MONTGOMERY, Ala. (WSFA) - A new Alabama law aims to remove hundreds of barriers and help people released from prison get jobs.
The law stops an occupational licensing board from automatically denying an application based on a criminal conviction.
“We found out that there would be occupations people would get training for and licensed for in prison and when they got out, there would be archaic barriers on the books that would keep them from doing the things that they were just trained to do,” said Rep. Chris England, D-Tuscaloosa.
England said there are around 700 places that do not allow some people released from prison to get a job.
Former Etowah County Circuit Judge David Kimberly gave an example, saying convicted felons cannot have a cosmetology license, even though they are taught cosmetology in prison.
Kimberly supports the new law and said as a judge many times he had to recommit people to prison after they re-offended.
“The genesis of that a lot of times is not their lack of good intention when they first got out but the lack of opportunity,” Kimberly said. “If you stay employed, you have a tendency not to re-offend. You’re supporting your family. You’re paying your child support. You’re paying your taxes."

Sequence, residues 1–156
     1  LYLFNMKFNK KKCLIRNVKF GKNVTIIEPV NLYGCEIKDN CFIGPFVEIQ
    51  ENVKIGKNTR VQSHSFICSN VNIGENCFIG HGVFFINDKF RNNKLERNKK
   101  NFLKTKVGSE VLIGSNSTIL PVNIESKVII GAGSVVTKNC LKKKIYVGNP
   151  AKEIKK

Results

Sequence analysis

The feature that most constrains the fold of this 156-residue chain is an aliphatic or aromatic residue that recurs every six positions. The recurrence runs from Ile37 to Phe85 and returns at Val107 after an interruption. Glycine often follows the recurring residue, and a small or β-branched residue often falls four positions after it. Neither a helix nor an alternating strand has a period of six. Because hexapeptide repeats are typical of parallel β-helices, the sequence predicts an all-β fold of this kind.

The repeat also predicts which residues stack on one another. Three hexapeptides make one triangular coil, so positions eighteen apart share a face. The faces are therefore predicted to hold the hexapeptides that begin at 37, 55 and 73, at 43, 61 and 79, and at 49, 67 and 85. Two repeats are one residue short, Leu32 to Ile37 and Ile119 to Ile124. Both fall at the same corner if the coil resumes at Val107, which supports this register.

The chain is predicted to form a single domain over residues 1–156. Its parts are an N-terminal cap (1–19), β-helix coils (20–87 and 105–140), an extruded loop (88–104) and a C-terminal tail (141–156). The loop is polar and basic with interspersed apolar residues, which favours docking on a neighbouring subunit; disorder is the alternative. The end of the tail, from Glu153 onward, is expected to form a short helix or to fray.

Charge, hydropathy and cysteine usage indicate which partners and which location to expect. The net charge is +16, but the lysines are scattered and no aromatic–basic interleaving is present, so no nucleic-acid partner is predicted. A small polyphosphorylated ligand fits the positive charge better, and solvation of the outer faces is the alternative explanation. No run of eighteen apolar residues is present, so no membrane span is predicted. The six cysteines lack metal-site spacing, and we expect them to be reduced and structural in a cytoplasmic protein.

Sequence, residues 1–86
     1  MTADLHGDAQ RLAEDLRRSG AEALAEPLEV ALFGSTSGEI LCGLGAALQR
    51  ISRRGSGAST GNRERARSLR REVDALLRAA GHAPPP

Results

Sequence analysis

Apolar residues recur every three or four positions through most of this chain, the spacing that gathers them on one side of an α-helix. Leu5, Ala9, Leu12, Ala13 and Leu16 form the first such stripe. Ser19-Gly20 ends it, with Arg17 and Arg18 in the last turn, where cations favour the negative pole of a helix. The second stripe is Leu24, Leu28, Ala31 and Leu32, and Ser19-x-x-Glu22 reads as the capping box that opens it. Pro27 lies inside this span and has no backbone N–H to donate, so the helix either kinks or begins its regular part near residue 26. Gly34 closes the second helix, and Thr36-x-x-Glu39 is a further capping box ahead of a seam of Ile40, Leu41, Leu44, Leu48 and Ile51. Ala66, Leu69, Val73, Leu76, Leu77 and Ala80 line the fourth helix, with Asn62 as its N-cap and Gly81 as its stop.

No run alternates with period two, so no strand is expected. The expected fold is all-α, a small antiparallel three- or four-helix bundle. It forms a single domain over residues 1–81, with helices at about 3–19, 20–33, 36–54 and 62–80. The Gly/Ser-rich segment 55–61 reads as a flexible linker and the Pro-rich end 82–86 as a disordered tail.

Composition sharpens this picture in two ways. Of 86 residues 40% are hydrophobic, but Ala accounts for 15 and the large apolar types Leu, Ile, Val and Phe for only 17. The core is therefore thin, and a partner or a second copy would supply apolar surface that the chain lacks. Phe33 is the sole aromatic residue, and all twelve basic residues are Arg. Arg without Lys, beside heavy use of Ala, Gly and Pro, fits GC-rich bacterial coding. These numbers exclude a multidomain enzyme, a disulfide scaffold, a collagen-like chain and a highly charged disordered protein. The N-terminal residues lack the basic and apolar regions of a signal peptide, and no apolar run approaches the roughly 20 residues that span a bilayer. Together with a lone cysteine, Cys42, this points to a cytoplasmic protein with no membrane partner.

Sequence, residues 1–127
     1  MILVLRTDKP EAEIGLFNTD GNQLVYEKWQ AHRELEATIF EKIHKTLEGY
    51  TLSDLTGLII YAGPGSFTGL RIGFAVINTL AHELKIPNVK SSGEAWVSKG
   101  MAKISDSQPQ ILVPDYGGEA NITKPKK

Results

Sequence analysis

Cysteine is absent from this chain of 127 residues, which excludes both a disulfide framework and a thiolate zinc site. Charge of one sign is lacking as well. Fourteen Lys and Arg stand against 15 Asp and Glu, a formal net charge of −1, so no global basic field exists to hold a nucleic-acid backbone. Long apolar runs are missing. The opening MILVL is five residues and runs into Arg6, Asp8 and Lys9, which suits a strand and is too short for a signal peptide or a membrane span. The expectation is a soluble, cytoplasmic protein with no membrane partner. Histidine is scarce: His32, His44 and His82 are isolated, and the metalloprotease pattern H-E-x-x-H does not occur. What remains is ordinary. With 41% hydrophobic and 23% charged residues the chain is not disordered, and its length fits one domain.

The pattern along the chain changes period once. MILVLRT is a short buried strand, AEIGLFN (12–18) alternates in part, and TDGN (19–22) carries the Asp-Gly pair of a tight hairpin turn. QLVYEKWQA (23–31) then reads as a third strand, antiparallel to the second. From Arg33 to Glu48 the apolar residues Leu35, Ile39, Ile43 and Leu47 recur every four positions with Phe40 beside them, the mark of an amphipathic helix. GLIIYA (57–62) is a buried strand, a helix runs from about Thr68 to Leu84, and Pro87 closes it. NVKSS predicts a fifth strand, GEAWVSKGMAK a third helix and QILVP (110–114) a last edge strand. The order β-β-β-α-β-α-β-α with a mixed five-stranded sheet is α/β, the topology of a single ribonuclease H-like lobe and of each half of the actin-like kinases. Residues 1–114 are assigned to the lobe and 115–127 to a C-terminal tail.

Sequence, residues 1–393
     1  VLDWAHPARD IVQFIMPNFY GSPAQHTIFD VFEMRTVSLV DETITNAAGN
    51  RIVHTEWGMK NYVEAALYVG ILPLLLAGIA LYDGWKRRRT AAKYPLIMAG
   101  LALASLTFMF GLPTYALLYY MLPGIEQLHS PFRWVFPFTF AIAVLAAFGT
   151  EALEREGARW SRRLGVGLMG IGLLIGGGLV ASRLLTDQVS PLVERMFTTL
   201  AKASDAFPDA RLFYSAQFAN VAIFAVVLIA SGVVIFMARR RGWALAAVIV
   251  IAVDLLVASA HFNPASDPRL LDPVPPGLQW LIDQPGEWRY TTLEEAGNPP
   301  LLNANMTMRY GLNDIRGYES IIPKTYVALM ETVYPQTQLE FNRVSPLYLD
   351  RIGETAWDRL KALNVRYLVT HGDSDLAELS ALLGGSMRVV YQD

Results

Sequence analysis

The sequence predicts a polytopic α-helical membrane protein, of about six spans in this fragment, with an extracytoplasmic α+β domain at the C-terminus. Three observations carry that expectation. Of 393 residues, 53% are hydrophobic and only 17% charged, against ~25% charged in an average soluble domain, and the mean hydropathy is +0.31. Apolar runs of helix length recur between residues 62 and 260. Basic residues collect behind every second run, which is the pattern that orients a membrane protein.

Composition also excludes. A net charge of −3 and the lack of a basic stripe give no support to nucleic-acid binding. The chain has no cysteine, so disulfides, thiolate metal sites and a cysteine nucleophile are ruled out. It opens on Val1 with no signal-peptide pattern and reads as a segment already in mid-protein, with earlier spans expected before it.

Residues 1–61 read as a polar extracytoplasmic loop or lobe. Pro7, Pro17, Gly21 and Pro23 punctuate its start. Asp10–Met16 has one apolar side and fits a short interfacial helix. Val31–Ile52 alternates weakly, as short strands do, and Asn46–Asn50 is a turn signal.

Under the new law, if a former inmate is denied an occupational license, it allows that person convicted of a felony or misdemeanor to petition the court to review the matter. The court can then provide a certificate to the specific licensure board who would need to review the former inmate’s qualifications and make a detailed decision as to whether he or she should be licensed. The board would have the final say.
“Anything that we can do to remove arbitrary barriers and regulations in order to make that easier is something we should do,” England said.
The law goes into effect Sept. 1, 2019.